The plaintiffs in this consolidated multi-district litigation sued US, German and Italian manufacturers of diesel automobiles and components alleging RICO, fraud and warranty claims in connection with an alleged scheme to bypass environmental controls. Among many issues raised, the non-US plaintiffs argued that the Court in Northern California could not assert personal jurisdiction over them.
The Court first observed that the limits on personal jurisdiction are set by the Due Process Clause of the US Constitution, and that in cases alleging intentional torts like fraud plaintiffs must satisfy three requirements: that the defendant “purposefully directed” its conduct towards the forum, that the claim arose from or was related to those contacts, and that the exercise of jurisdiction comports with “fair play and substantial justice.” The focus of the court’s discussion was the first part of the test. The defendants argued that “purposeful direction” must be found with respect to each of the jurisdictions where consolidated cases originated. While the Court did not dispute this statement as a general matter, it also found applicable Federal Rule of Civil Procedure 4(k)(2), which provides for jurisdiction where a federal claim (like RICO) has been alleged, jurisdiction over the defendant cannot be asserted in any one State (which the defendants admitted), and the defendant have had “minimum contacts” with the US as a whole. (The Court observed that the special RICO jurisdictional provision was limited to defendants found in the US itself.)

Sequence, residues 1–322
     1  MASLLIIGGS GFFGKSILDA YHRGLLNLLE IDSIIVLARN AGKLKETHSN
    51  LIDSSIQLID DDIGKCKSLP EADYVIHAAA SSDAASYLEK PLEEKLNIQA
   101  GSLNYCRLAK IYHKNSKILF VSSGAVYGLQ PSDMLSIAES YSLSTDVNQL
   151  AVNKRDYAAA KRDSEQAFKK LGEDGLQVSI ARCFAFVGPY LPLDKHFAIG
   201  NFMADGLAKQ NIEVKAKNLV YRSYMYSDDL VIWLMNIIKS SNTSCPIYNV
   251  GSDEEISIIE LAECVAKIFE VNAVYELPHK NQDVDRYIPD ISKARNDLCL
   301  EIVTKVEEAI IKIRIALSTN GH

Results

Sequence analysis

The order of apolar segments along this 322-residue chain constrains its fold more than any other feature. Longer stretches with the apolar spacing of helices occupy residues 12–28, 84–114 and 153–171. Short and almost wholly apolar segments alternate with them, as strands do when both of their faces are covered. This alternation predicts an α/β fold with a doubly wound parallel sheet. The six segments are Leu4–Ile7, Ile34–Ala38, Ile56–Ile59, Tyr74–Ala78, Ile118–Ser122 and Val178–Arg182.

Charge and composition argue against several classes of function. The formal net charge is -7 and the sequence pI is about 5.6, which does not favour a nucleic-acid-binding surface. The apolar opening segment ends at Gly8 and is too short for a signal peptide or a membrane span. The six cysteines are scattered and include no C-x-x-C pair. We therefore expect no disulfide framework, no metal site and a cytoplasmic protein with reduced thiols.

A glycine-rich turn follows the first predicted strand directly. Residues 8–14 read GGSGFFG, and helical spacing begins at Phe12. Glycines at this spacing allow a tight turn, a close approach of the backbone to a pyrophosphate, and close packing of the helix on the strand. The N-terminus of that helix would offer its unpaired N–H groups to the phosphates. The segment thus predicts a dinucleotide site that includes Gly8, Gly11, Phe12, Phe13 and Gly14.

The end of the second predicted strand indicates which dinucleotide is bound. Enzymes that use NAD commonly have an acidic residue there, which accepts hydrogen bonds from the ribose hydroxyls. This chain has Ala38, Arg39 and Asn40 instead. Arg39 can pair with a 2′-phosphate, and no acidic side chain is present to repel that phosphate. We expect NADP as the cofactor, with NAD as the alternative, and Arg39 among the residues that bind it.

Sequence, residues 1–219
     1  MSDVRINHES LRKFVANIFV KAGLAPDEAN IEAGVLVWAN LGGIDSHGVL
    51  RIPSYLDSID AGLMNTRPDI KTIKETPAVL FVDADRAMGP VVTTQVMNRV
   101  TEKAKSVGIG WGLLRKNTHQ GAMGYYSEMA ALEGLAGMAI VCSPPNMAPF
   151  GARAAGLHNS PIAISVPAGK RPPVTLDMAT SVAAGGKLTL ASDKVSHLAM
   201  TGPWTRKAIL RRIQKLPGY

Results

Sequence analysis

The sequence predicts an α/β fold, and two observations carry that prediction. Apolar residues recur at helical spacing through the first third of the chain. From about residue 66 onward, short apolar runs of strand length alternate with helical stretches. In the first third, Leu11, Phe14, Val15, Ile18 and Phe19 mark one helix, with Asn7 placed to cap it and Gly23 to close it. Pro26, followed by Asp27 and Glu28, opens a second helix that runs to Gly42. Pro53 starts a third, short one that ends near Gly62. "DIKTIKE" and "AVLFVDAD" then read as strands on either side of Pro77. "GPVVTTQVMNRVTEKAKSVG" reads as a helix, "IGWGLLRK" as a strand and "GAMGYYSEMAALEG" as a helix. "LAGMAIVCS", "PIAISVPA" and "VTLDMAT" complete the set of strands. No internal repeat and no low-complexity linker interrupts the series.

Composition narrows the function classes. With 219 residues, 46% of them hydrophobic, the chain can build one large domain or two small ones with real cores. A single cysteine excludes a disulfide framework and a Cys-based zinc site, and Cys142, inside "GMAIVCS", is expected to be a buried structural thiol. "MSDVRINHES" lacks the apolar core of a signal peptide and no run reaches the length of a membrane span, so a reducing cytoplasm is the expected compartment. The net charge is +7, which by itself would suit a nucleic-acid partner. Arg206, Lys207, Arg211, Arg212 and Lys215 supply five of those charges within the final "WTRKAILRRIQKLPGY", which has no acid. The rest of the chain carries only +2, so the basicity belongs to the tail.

The Court concluded that the defendants were alleged to have had the necessary contacts with the US as a whole to support jurisdiction. “These allegations of engaging in a jointly conceived and implemented plan to manufacture and sell defective vehicles, while purposefully concealing such defects, into the United States in violation of federal and state law constitutes conduct sufficient to be deemed purposefully directed at the United States so as to constitute minimum contacts.” The defendants’ motions to dismiss on jurisdictional grounds were thus denied.
[Editor’s note: In re Chrysler–Dodge–Jeep Ecodiesel is also discussed in the Personal Jurisdiction/Forum non Conveniens section of this report.]
The plaintiff “K-sure” is a Korean corporation whose Los Angeles office, through financial measures including export insurance policies, supports Korean companies that wish to sell their products to US customers. It alleges that it was defrauded by US agents of the Korean defendants into issuing such policies, that the policies ultimately resulted in payments totaling US$134 million, and that the defendants then defaulted on repayment obligations.
The Court considered the question whether K-sure had alleged a US “domestic” injury necessary to support a private RICO claim. Concluding that the Complaint was fairly read to allege that the payment was made from one Korean company to another, in Korea, the Court found no US injury. In so doing, it rejected K-sure’s argument that it was defrauded at its Los Angeles branch office by US-based clients acting almost exclusively in the US, for the benefit of US importers.